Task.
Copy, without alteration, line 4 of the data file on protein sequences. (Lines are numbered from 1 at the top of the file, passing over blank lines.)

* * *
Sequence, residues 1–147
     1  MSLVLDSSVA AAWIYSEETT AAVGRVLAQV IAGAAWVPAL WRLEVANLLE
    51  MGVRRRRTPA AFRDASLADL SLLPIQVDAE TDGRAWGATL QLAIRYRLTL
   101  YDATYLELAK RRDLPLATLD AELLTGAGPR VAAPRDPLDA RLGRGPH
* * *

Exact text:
   101  YDATYLELAK RRDLPLATLD AELLTGAGPR VAAPRDPLDA RLGRGPH